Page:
The total, however, will fall short of Mayweather's recent pay-per-view events. That's going to be determined by the reporting [from cable systems] that will come in over the next few weeks. The pay-per-view sales for the fight with Guerrero will not approach the 1. In Mayweather's fights before Cotto, he generated 1.
The particular forthcoming Mayweather as opposed to Guerrero fit clears an additional page with the boxing occupation with the two boxing warriors where they will combat for the WBC Welterweight Belt. Robert "The Ghost" Guerrero is usually a four-division winner along with has become requesting a new complement from the undefeated poung-for-pound king Floyd "The Money" Mayweather Junior and so they match inside ring with Might 4, for the MGM Awesome inside Las vegas.
This always seems to happen to me. I suppose there are two possibilities: One, they are simply projecting whatever racist thoughts they have about me onto another group and projecting the whole ugly thing into the backseats of their cabs.
I shrugged and stared out the window. Only from up close do you see the sick organization in all that lit chaos. The cab driver dropped me off in front of the MGM Grand.
I considered stiffing him on the tip, but the rules of etiquette won out, as they almost always do. For the next hour, I rehearsed in my head what I should have said to the cab driver. This is old habit. A black couple sat down at a nearby table and the sunburned man clammed up.
Then, of course, he changed the subject. Nearly everyone I talked to about the fight predicted a snoozer. The next seven or eight or nine rounds would be an exercise in ritual humiliation.
Like the rest of the audience at the MGM, I felt thrilled at having watched a close, competitive fight. It made me wonder if Floyd might simply be too good for the rest of boxing and if the sport actually benefits from having such an unbeatable, peerless champion.
This is admittedly a good story, and like all great stories it can be replicated over and over. Fans start to gripe about handpicked opponents and boring fights. Alarmists declare the sport dead. Only in boxing is a champion considered greater for losing and then coming back to win a title than for simply never losing in the first place — the downward swing and the redemption reminds the fans of the young man they fell in love with.
Variations of this redemption happen in other sports, but a champion who loses his title faces a specific type of humiliation that might not befall athletes in team sports. Klitschko stayed a stranger, as he has for most of his year stay at the top of the heavyweight division.
After a close first two rounds, Floyd did exactly what everyone expected him to do: He figured out Robert Guerrero and put him through 30 minutes of eye-popping, yet reserved, dominance.
I am speaking here as someone interested in the business of boxing and its constant search for a crossover star. Floyd Mayweather is a boxing genius.
This cannot be disputed. But people do not buy pay-per-view fights to watch a chess master dominate a high school champion. How many times can we watch the master work on his own terms?
When will we start asking for blood?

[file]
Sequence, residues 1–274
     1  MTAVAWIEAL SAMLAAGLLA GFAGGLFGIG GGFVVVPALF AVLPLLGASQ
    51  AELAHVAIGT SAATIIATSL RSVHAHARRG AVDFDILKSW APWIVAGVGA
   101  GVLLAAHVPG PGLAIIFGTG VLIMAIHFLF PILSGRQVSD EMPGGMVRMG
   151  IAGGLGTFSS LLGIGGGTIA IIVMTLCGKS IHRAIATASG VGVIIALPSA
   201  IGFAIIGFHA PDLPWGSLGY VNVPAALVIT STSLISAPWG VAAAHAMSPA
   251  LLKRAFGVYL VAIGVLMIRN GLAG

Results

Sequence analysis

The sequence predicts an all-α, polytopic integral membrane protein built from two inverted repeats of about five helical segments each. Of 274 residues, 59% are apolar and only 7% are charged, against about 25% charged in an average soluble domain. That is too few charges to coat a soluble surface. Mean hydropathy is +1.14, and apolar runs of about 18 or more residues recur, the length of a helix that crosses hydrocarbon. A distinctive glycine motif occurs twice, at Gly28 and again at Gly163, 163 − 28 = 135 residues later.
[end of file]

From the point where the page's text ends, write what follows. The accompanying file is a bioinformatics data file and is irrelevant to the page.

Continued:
In the past, Floyd has counteracted his lack of ring vulnerability and knockout power with a heavy serving of self-promotion. But how long is the life span of the sports antihero?
How do you reintroduce someone who has already been introduced in countless fight-hype shows? Floyd Mayweather is one of the greatest technical fighters of all time and one of the most brilliant athletes of his era. Everything about a Mayweather production is meticulous and bordering on perfection.
Saturday night was no different, and if Showtime and Golden Boy Productions can be criticized for a lack of creativity in matchmaking and promotion, they should be commended for putting on a beautiful show.
And Floyd himself showed up in a condition that would put a year-old fighter to shame.
Robert Guerrero, on the other hand, was sheriff of his very own shit show. Surrounded by a massive posse in his corner, Guerrero looked grim and slightly unfocused.
His father and trainer, Ruben Guerrero, pranced around the ring, soaking in the moment. In the week leading up to the fight, Ruben Guerrero had diverted much of the attention away from his son by challenging Floyd Mayweather Sr. Guerrero is your standard-issue evangelical Christian athlete who starts off every interview by thanking God and giving him all the glory.
When the opening bell rang, the deep, rational thinker met the evangelical in the center of the ring. The first two rounds were close — I ended up giving both to Guerrero, mostly because I thought he did some decent work in the clinches.
With growing reluctance, Guerrero would keep inching forward until he got Floyd near the ropes, at which point Floyd would calmly duck and spin back toward the center of the ring.
That same sequence played itself out over and over again. And because Guerrero never adjusted, Floyd never did either.
There comes a time in every technical domination that you wish the winning fighter would just open up and drop the chump so you can go home and say you watched a good fight. On Saturday night, this moment came as early as the sixth round. The rest of the fight brought a few more moments of brilliance from Floyd, but it also proved frustrating to all but the most ardent fight fans.
The fact that everyone on press row could so clearly hear the displeasure of what sounded like a teenage boy should tell you all you need to know about the lack of crowd noise Saturday night.
After ring announcer Jimmy Lennon Jr. No conspiracy theories, no rehashes of powerful punches, no speculation about future fights. In the tunnels leading out of the arena, I plodded toward the exit alongside an older media-mogul type and a stunning woman in a dress that looked like it had been sewn together with feathers from an oil spill.